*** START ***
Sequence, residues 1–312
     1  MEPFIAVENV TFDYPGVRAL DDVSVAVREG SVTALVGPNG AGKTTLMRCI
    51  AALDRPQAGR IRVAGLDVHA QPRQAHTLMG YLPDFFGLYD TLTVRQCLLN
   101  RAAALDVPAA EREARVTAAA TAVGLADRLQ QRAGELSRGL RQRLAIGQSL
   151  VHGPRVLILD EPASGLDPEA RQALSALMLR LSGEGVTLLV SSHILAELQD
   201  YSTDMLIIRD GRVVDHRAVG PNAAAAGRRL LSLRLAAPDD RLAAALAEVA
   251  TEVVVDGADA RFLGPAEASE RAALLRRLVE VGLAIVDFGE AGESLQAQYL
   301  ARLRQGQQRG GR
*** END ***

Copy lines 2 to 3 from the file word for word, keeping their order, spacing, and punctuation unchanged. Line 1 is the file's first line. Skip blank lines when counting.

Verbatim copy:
     1  MEPFIAVENV TFDYPGVRAL DDVSVAVREG SVTALVGPNG AGKTTLMRCI
    51  AALDRPQAGR IRVAGLDVHA QPRQAHTLMG YLPDFFGLYD TLTVRQCLLN